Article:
Jason Stephenso…: Oh my goodness. It’s really so important. It’s pivotal to all different aspects of our lives and whether that be relationships, and financial, and career, and health, if we don’t have that belief, well, number one, we can go off the rails and then we’ve got nothing because I went off the rails into poor, poor health. I was diagnosed HIV positive in 2005. And it’s because of not looking after myself, and not caring for myself, and for other people. And so, my life just spiraled out of control. And if we don’t care for ourselves, if we don’t have that self-belief in ourselves, then our lives are open to crash and burn in all different ways.
Rose: So let’s talk about how important meditation is in that whole realm, in that self-belief, in looking after ourselves. Can you tell me about how meditation, I suppose, helped you and then how it sort of helps us on a greater level in a general sense?
Jason Stephenso…: Yeah. Meditation helped me enormously. I ended up going through a period of time where I was suffering anxiety. I didn’t even know what anxiety was and panic attacks and never had anything like this before. And so I was seeing a counselor at the time and she said to me, “Have you heard of meditation?” I said, “Yes, I have.” I remember connecting with it at first when I was 16. My mum took me to a meditation class and it lit something inside me. So it always stayed with me, the benefits of that peace that I felt after that class. And so, what this meditation practice done and the use of affirmations, using affirmations as a mantra whilst I was meditating helped me to connect to my breathing, which was so important, especially during anxiety and panic attacks which sometimes I would get anywhere out in the street.
And then I would just go over in my mind, “Okay. Stop. Breathe. Let’s just breathe. Just taking in those slow breaths.” And it was almost like a meditation on the go wherever I was if I had those panic attacks in the street, trying to get back to my car. Just stop and breathe. And it would help me through those really difficult times, so and ended up becoming a part of my life probably after 2005, 2006, 2007, I began to do it on a regular basis. I began to use it as a part of my routine. And it was like a… I guess it was like a part of… Well, it was self-love for myself. It was giving myself time to connect, to ground myself. And then, so guess what happened? Anxiety and panic attacks stopped. All just began to fade away.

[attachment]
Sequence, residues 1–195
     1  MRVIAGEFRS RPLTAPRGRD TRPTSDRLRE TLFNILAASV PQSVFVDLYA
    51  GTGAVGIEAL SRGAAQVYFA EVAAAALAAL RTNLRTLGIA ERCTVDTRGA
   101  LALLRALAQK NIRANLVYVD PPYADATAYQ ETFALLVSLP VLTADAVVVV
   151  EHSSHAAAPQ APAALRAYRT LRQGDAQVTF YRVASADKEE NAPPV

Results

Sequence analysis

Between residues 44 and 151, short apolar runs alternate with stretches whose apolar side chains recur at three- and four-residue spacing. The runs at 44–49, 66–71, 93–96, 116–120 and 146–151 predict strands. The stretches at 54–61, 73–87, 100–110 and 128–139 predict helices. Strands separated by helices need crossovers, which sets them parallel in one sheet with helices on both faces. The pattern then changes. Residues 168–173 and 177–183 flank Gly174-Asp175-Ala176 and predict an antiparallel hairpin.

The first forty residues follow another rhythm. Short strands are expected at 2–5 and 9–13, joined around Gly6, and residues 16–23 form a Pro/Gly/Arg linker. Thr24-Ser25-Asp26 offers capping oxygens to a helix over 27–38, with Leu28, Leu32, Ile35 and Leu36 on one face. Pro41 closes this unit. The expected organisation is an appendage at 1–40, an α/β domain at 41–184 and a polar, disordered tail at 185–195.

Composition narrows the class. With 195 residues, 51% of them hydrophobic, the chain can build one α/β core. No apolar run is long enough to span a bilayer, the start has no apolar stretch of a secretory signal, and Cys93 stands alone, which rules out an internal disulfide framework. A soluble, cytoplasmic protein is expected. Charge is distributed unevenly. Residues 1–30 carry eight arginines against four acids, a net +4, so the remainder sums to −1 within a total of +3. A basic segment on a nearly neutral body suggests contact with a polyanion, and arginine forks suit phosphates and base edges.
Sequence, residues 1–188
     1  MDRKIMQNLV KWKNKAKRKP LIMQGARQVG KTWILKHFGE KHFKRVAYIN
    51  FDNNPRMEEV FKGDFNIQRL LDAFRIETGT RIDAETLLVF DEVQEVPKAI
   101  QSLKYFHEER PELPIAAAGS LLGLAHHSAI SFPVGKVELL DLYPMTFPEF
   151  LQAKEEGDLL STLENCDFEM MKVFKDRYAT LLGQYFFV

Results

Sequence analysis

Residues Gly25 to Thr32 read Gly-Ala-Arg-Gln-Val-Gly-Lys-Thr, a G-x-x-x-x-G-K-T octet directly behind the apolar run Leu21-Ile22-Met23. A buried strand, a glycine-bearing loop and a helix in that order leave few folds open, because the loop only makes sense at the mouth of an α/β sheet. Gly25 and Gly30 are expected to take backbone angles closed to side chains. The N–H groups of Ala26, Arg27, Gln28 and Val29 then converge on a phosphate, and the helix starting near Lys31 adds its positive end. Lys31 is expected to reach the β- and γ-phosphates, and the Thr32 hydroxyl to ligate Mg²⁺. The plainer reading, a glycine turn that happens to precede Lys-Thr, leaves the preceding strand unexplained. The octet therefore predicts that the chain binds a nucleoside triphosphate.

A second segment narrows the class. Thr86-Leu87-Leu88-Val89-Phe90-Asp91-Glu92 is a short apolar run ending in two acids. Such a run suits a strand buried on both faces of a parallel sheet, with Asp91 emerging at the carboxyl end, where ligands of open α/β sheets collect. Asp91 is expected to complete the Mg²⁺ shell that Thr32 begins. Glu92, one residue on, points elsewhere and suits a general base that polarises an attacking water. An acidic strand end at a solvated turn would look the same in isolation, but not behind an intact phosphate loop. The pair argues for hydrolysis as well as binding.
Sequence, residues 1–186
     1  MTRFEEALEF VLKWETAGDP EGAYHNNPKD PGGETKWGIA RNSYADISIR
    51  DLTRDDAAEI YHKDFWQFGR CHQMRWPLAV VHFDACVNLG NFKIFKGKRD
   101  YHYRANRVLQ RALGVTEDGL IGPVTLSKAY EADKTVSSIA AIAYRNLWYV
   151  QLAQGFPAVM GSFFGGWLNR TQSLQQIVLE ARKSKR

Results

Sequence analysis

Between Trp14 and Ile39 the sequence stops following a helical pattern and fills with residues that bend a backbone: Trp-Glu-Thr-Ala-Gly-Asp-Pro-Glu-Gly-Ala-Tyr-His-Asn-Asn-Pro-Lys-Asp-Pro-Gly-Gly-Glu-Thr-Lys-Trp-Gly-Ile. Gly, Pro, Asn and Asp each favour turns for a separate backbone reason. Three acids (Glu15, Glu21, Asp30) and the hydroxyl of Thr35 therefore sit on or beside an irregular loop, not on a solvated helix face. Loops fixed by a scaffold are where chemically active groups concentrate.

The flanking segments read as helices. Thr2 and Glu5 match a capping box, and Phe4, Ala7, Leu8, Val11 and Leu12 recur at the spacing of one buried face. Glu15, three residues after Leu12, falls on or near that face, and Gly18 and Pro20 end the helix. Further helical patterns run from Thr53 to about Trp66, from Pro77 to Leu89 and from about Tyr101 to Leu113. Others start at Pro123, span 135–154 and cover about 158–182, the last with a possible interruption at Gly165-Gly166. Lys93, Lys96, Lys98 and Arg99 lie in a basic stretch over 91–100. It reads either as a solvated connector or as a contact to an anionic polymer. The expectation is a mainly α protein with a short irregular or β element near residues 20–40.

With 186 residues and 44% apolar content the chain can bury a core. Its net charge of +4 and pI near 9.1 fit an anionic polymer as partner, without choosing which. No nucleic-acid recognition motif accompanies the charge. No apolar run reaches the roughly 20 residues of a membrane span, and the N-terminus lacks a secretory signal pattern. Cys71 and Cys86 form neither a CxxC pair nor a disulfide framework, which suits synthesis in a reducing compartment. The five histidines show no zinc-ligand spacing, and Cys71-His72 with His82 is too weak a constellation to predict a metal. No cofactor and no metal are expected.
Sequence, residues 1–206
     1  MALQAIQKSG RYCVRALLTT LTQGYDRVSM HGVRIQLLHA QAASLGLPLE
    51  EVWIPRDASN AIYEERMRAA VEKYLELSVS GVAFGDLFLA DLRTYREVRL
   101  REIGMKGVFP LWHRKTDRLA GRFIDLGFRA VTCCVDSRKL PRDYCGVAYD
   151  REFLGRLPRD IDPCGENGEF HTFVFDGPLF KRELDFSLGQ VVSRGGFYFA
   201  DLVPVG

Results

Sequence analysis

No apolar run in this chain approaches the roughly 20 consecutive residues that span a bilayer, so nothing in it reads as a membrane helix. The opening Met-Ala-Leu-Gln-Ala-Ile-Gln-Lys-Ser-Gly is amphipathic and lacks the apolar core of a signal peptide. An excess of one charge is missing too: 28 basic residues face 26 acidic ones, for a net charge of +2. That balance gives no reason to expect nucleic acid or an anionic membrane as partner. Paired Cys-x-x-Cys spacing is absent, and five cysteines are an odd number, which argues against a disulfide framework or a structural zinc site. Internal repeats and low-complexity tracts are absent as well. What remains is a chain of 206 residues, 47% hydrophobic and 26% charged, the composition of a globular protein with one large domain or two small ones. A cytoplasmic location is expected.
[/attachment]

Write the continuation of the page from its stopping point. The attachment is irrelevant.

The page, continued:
And I’ve never had one of those in 16, 17 years now, and don’t intend to have another one because I’m looking after myself now.
Rose: That’s amazing.
Jason Stephenso…: So, on the greater whole, meditation is so important and so important for professionals as well because, as you may know, I’m a CEO myself and so I’m busy. There’s lots of projects on the go. And it’s very important for me to maintain this state of equilibrium, and meditation does that. It gives us this opportunity to ground ourselves each morning and each night before sleep, which is another beautiful time that meditation helps people because we can begin to let go of the day, that we don’t carry it to bed with us. We can just go, “Okay, here I am right now in bed, and it’s time to release. It’s time to let go of all that stuff that I’ve been carrying with me today.” Yeah.
Rose: Absolutely. From what you just said there, it actually it brings me to my next question, but it kind of involves what I was actually going to ask you. My question was all about how to meditate because we often think to ourselves, “Okay, we know what meditation is,” but do we really know what meditation is? Do we really know how to meditate? And from what you’ve just said there, this seems like there’s two ways to do that. There’s the sit down and the traditional grounding yourself. But there’s those daily techniques and tactics that you can take with you throughout your day, isn’t there?